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    Sale 13731

    Brian Sewell - Critic & Collector

    27 September 2016, London, King Street

  • Lot 76

    Johann Heinrich Füssli, Henry Fuseli, R.A. (Zurich, Switzerland 1741-1825 Putney Hill)

    Studies of figures after Michelangelo’s Sistine Ceiling

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    Estimate

    Johann Heinrich Füssli, Henry Fuseli, R.A. (Zurich, Switzerland 1741-1825 Putney Hill)
    Studies of figures after Michelangelo’s Sistine Ceiling
    extensively inscribed 'Mich. Ang. Bon. Tuscorum Flos delibatus' (lower centre) and 'Invicti Membra Glyconis' (upper centre) and further inscribed 'incredibilis quidam/animi impetus/vis mentis/pictus' and 'in this case the Radius /seems not to be worked only the ulna'
    pencil, pen and brown ink, unframed
    2 7/8 x 7 3/8 in. (7.1 x 18.5 cm.)


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    Backed by the banker Thomas Coutts (1735-1822), Fuseli journeyed to Italy in 1770 and settled in Rome, where he largely remained until 1778. There he studied classical sculpture and Michelangelo’s frescoes in the Sistine Chapel. According to Allan Cunningham in his Lives of the Most Eminent British Painters, 1830, 'It was a story he loved to repeat, how he lay on is back day after day, and week succeeding week, with upturned and wondering eyes, musing at the splendid ceiling of the Sistine Chapel - on the unattainable grandeur of the Florentine…He fulfilled the injunction of Reynolds - he ate and drank and slept and waked upon Michelangelo’.

    The inscriptions on the recto of the present drawing refer to Michelangelo as 'choice amongst the Tuscans’. Fuseli has noted part of the inscription taken from a contemporary portrait engraving of the artist. The reference is very complimentary nodding towards Cicero’s Brutus and the reported description of the Consul Marcus Cornelius Cethegus as the 'chosen one of the people: flos delibatus populi’. The majority of the figure studies in the present work are what Schiff referred to as Fuseli’s ‘paraphrases’ of figures in the Sistine Chapel frescoes. The central drawing is a free version of Adam from The Creation of Adam, and the trumpet-player comes from The Last Judgement. The twisting figures below the trumpet-player and the figure to the immediate right of Adam come from The Battle of Cascine, the latter in reverse. Characteristically, the first of these formed the basis of two of Fuseli’s much later erotic drawings of girls, turned to show the back of their heads and their extravagant hairstyles. The inscription ‘invicti Membra Glyconis’ refers to the statue of Hercules by the sculptor Glycon: the Farnese Hercules. Fuseli has sketched the statue in the lower left corner. Hercules is shown resting on his club, undefeated by his labours.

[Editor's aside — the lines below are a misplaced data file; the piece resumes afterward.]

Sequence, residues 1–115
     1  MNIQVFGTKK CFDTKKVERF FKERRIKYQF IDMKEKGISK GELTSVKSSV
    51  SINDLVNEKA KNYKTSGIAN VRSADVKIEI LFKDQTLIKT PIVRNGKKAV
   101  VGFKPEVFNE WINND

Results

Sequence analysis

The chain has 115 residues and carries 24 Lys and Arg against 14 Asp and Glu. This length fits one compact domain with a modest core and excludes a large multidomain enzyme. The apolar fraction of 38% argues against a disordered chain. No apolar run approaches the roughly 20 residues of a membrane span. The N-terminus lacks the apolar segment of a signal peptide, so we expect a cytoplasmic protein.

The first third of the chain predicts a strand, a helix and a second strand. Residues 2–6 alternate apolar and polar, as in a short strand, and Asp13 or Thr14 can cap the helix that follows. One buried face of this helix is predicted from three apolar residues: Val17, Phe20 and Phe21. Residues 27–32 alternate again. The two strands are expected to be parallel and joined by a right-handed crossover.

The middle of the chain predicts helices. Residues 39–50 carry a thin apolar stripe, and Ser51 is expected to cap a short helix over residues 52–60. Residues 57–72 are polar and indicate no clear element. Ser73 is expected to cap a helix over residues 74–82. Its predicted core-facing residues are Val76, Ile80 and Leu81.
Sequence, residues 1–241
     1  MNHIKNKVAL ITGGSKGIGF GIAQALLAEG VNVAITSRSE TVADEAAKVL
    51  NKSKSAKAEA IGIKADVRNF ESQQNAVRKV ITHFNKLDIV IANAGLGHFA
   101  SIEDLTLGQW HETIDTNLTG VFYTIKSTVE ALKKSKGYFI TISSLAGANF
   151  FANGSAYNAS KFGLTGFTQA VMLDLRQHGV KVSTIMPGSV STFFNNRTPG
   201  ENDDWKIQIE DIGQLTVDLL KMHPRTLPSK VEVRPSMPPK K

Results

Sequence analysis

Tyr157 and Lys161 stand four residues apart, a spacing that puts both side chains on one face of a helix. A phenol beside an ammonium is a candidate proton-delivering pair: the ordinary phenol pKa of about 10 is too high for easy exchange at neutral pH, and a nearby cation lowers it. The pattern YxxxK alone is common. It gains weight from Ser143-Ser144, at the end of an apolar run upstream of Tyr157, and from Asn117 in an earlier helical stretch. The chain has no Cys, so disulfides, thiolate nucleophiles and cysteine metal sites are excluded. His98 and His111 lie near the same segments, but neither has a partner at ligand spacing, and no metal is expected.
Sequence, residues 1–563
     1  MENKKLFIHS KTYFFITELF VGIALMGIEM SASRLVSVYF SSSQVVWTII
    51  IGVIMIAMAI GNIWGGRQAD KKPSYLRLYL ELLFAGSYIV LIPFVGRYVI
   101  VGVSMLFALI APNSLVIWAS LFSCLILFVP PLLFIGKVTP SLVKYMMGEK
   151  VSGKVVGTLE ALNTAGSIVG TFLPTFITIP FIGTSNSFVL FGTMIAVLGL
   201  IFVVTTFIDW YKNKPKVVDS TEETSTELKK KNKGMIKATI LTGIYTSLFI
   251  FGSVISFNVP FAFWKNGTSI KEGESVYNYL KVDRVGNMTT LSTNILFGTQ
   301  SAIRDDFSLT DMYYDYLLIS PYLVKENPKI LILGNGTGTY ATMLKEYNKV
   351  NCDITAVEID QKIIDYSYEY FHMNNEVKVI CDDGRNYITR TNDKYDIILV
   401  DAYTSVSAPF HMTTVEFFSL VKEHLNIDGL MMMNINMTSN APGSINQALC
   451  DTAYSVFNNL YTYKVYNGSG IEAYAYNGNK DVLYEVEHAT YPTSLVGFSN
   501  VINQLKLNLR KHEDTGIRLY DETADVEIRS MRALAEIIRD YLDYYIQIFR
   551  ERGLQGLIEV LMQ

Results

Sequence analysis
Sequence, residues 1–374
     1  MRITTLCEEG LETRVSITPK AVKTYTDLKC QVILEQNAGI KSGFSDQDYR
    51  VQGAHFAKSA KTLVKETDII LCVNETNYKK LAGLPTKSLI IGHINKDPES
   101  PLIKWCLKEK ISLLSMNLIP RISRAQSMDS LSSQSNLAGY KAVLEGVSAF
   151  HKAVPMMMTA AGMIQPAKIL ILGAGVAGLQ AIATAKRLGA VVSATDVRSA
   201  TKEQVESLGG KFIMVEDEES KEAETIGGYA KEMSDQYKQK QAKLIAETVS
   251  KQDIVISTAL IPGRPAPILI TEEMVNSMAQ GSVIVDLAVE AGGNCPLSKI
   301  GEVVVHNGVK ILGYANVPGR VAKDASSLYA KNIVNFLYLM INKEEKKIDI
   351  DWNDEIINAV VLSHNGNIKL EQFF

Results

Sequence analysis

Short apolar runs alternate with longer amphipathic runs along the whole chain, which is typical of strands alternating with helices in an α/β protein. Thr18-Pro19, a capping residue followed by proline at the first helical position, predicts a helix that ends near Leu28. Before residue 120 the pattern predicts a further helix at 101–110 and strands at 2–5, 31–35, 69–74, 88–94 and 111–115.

For other studies by Fuseli after Michelangelo and the Antique see the album of drawings belonging to Miss Harriet Moore sold in these Rooms, 14 April 1992, particularly lots 45, 47, 48 and 52-57.

    We are grateful to Martin Butlin for his help in preparing this catalogue entry.